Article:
Safe Streets for Seniors

New York City
Source: Pedestrian and Bicycle Information Center (PBIC)


In New York City, adults aged 65 and older make up 12 percent of the city's population, but accounted for 39 percent of its pedestrian fatalities between 2002 and 2006. Despite this grim overrepresentation, older pedestrians are underrepresented on the streets of New York City, according to a study commissioned by New York City Department of Transportation (NYC DOT). With the city's senior population expected to nearly double between 2010 and 2035, pedestrian safety among older adults had become a priority for NYC DOT.


Image: Dan Burden

Improvements in bicycle infrastructure, combined with rising fuel costs, from 2000 to 2010 have resulted in unprecedented spikes in bicycle commuting, and improvements to pedestrian facilities have increased safety. But the need to tackle problems such as inadequate public spaces and insufficient amenities for pedestrians and bicyclists culminated in a commitment to create a livable community. In 2007, New York City released PlaNYC: A Greener, Greater New York, a long-range, comprehensive plan to address economic, social, and environmental concerns facing the city's five boroughs: the Bronx, Brooklyn, Manhattan, Queens, and Staten Island. NYC DOT commissioned a consultant to conduct public life surveys around the city to determine what was missing from NYC sidewalks and streets, which was later released in the report World Class Streets: Remaking New York City's Public Realm. According to the count results and surveys, several key types of public space needed improvement and only 10 percent of pedestrians observed were seniors or children, while those two age groups make up 30 percent of the city's population. In the report, the department outlined an overall approach called the World Class Streets initiative. Included under this initiative are a number of new programs and guidelines that respond directly to overall problems and individual issues on specific streets including Safe Streets for Seniors, a safety initiative for older NYC pedestrians.


In January 2008, NYC DOT and the city's Department for the Aging partnered to announce the Safe Streets for Seniors program. Using crash history, NYC DOT identified 25 focus areas where pedestrian injuries and fatalities that involved older adults were particularly high.

From these 25 neighborhoods, NYC DOT selected five pilot neighborhoods -- one in each borough -- to test the program. These sites included:

  • Brighton Beach (Brooklyn)
  • Fordham/University Heights (Bronx)
  • Lower East Side (Manhattan)
  • Flushing (Queens)
  • New Dorp/Hylan Boulevard (Staten Island)

The program focuses on safety concerns for senior pedestrians, including insufficient crossing times, broken or missing curb ramps, crosswalks and street markings that are difficult to see, drainage problems at curbs and in crosswalks, and driver behavior problems such as turning vehicles that fail to yield to pedestrians.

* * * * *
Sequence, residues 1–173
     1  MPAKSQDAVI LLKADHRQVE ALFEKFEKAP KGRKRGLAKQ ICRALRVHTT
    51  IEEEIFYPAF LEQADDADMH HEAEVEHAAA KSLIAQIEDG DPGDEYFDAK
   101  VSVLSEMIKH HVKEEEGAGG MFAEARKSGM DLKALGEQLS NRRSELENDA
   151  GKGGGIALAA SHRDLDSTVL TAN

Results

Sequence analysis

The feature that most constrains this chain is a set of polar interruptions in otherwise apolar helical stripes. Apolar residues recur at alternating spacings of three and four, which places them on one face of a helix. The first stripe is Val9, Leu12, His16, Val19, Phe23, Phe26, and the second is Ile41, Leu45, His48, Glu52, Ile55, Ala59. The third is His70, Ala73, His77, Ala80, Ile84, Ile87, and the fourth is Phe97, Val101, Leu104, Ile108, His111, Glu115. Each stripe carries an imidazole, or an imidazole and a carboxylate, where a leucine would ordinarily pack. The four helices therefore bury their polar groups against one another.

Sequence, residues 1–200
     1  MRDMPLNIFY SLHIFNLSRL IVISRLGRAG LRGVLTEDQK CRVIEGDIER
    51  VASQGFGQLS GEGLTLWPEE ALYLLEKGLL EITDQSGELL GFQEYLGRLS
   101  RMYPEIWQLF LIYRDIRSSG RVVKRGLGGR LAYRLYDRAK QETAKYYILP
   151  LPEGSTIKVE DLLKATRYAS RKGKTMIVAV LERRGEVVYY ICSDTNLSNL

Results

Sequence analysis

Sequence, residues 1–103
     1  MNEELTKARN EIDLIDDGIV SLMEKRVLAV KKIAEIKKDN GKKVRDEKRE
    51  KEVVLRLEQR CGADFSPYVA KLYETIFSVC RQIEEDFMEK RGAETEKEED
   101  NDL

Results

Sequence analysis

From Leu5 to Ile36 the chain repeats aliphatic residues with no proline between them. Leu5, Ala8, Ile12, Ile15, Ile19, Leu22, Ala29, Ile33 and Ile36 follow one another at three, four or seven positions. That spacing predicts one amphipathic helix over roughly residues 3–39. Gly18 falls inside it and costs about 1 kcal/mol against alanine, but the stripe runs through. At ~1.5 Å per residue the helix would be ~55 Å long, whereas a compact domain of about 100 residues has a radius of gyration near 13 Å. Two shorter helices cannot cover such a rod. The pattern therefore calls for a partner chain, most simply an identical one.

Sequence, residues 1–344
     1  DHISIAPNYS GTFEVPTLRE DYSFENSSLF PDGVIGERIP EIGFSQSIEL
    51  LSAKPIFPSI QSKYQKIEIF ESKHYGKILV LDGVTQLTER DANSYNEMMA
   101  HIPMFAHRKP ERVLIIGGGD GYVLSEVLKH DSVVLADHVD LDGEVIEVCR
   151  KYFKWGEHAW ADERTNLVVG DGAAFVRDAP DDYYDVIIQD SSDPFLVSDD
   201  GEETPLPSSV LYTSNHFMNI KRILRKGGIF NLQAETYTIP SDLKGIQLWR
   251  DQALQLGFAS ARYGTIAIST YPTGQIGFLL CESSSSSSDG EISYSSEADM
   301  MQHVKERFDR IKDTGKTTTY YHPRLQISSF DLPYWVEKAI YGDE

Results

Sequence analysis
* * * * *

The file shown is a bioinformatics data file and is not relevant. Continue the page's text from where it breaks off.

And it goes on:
In 2008 and 2009, NYC DOT moved quickly to assess problems in its five pilot neighborhoods, identify and implement countermeasures, and launch comprehensive educational campaigns about the Safe Streets for Seniors program and associated traffic changes. In the pilot project in Flushing, Queens, NYC DOT took a multipronged approach to address heavy pedestrian and vehicle volumes, conflicts caused by failure of the turning vehicles to yield at crosswalks, dangerous pedestrian behaviors, and long crossing distances.

In this pilot, NYC DOT added 23 new signs instructing users to "Wait for Walk," "Yield to Pedestrians in Crosswalk," and "Wait for Green Light." The department also added several pedestrian refuge islands, left-turn bays for vehicles, high-visibility crosswalks, and advance stop bars. In some cases, NYC DOT narrowed streets by reducing the number of vehicle lanes.

Other countermeasures involved installing new or upgraded pavement markings, high-visibility crosswalks, and advance stop bars to encourage drivers to stop before a crosswalk rather than in it. Maintenance activities included replacing missing roadway signs, repairing broken curb ramps, and installing needed ramps. The city also has employed other pedestrian-friendly treatments such as leading pedestrian intervals, which activate a walk signal before vehicles get a green light so pedestrians can have a head start into a crosswalk. Leading pedestrian intervals are a particular help to pedestrians who have slower walking speeds.


The results from this combination of improvements were encouraging. For instance, injuries at the intersection of Northern Boulevard and Bowne Street have decreased by 45 percent since NYC DOT installed a pedestrian refuge island at that location. Pedestrian refuge islands and a road diet (reduced number of lanes with freed space converted to parking, bike lanes, landscaping, walkways, or medians) on Manhattan's Chrystie Street resulted in a 66 percent reduction in pedestrian crashes.

Having completed improvements at the pilot sites, NYC DOT is continuing progress on the Safe Streets for Seniors program. The department selected 10 of the 25 focus areas as phase I projects and the engineering studies and recommendations prepared for those areas were reviewed to determine what needed to be adjusted in each neighborhood. Studies for phase II areas began in January 2010.

More Information

World Class Streets Report

PlaNYC 2030 Report

Safe Streets for Seniors program web site

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